Ending legacy admissions, providing menstrual products in all state buildings among many bills to emerge from Higher Education Committee

A proposed bill to end legacy admissions has cleared the Legislature’s Joint Committee on Higher Education. Amherst College, pictured here, ended legacy admissions in 2021.

A proposed bill to end legacy admissions has cleared the Legislature’s Joint Committee on Higher Education. Amherst College, pictured here, ended legacy admissions in 2021. AP

State Sen. Jo Comerford

State Sen. Jo Comerford

By XINYI YANG

For the Recorder

Published: 03-05-2024 1:03 PM

BOSTON — Area lawmakers’ proposals to require menstrual products to be available for no cost in all state buildings, establish special dorms for students in recovery, and consolidate overlapping higher education financial aid programs all cleared a key Legislative hurdle last month, as have other measures such as barring legacy admissions and establishing a program to provide food assistance to students on campus.

The bills were among about 50 that emerged from the Joint Committee on Higher Education in early Feburary in what Sen. Jo Comerford, D-Northampton, said is the “first positive step in the journey through the Legislature.” Comerford is the committee’s Senate chair.

Two of the bills are championed by Rep. Mindy Domb, D-Amherst, who introduced measures to require free menstrual products to be available in all state buildings, including those on higher education campuses. Both proposals are now before the Joint Committee on Ways and Means.

“My bills expand the settings and access to this basic hygiene item for menstruating individuals,” said Domb, adding that there is other legislation for menstrual equity filed by her colleagues that she supports.

Many college students experience financial hardship due in large part to the ongoing cost of menstruation products, Domb said.

Massachusetts does not apply sales tax to menstruation products because they are considered medical supplies. According to research commissioned by women’s intimate health brand Intimina and conducted by OnePoll, an international market research agency, the average lifetime cost of period products in the United States is around $6,000 per individual, excluding tax.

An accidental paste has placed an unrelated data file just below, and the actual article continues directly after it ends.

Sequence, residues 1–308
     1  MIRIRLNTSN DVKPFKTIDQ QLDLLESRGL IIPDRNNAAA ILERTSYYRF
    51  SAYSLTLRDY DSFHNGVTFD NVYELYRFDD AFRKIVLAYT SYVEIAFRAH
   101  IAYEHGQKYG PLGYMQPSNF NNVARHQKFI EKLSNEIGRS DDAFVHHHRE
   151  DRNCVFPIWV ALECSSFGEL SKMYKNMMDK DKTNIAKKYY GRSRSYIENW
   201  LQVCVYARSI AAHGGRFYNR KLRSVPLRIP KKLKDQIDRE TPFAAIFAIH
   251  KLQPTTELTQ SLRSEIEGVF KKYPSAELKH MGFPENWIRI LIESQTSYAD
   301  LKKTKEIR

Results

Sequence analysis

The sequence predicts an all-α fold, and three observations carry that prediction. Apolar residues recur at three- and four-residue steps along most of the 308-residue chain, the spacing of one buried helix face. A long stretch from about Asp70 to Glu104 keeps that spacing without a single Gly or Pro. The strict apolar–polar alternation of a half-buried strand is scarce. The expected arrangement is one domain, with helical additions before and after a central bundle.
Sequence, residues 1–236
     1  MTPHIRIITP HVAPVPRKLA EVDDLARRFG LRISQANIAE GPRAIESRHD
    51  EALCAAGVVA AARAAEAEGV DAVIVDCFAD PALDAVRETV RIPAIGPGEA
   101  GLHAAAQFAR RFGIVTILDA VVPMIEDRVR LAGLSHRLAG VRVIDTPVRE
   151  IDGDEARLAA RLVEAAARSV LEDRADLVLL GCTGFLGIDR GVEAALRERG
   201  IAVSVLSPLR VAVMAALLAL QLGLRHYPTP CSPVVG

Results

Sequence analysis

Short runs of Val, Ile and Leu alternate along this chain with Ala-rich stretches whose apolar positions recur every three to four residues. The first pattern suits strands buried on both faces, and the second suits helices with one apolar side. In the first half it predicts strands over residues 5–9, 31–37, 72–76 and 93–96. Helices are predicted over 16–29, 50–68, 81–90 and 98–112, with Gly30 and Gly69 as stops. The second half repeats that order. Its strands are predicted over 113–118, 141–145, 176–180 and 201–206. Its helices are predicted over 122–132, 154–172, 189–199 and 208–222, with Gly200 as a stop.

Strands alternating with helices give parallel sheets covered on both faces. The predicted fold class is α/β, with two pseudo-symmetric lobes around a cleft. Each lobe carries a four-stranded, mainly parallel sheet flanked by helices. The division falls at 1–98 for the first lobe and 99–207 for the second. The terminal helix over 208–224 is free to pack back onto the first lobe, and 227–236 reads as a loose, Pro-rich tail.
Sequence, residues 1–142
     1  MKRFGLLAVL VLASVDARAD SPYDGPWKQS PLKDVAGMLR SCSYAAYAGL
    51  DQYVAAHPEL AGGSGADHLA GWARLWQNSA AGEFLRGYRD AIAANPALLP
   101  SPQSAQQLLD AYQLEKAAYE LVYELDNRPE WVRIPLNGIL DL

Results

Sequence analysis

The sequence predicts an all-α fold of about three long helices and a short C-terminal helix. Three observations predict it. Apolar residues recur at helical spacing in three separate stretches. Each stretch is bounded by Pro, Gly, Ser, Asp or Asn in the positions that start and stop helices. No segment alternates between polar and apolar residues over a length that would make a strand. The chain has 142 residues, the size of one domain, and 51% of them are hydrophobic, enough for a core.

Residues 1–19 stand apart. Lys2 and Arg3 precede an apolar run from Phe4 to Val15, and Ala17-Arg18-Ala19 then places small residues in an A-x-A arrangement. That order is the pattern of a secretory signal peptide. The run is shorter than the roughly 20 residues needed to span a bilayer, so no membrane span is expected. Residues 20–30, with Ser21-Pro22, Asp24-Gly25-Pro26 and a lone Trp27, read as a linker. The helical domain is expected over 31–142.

Mariangely Solis Cervera, chief of Boston‘s Equity and Inclusion Cabinet, said menstruation products can cost families at least $216 per woman annually.

“Many college students struggle financially, and by providing menstrual products, students will be able to access products without stigma to manage their periods,” said Domb.

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Domb added that a group from another University of Massachusetts campus motivated her to concentrate on the issue.

At the beginning of last year, UMass Dartmouth’s Center for Women, collaborating with the Gender and Sexuality and Student Government Association, launched the Menstrual Access Pilot Program, helping students and staff at school find qualified and ample amenities in bathrooms.

“Students may have to miss class or face other challenges that prevent academic success without access to menstrual products,” said Domb.

This is not the first time lawmakers have offered proposals related to menstruation supplies as a public service has been introduced.

The I AM Bill, which won unanimous Senate approval last October, aims to provide free menstrual products across the commonwealth. Dignity Matters, a Massachusetts-based nonprofit organization, said the bill addresses the urgent need in the community and brought attention to the state’s pervasive period poverty problem by distributing close to 3 million menstrual care supplies.

“By providing them on campuses and in state buildings, we can ensure that people have access to these products, allowing them to properly care for their bodily functions,” said Domb.

Other bills to advance

Bills filed by other area lawmakers have advanced.

Among those are a bill co-sponsored by state Sen. John Velis, D-Westfield, calling on public higher education campuses to establish recovery dorms or wings that provide a supportive environment for students in recovery.

The legislation also provides for dorm residential advisers to have access to Naloxone or other opioid antagonists to be used in cases of overdoses.

Comerford has co-sponsored legislation that would direct the Department of Higher Education to consolidate and simplify an array of overlapping higher education financial aid programs, as well as an act expanding access to waivers to higher education tuition and fees for adopted foster children.

Meanwhile, the legacy admissions bill would prohibit public and private colleges and universities from giving preference for admission to applicants who are related to a former or current student. The bill also calls for a study of binding early admission policies. The legislation is sponsored by Sens. Lydia Edwards and Pavel Payano and Reps. Michael Moran and Simon Cataldo.

Comerford emphasized that hunger is another key issue on campus, a concern that was addressed in part when Gov. Maura Healey signed the fiscal 2024 budget into law.

“I can’t rank the bills, because that’s not what the Joint Committee on Higher Education can do,” said Comerford. “What we do is put out the bills that we think should be put favorably, and the other ones we won’t put out.”

Xinyi Yang writes for the Recorder from the Boston University State House Program.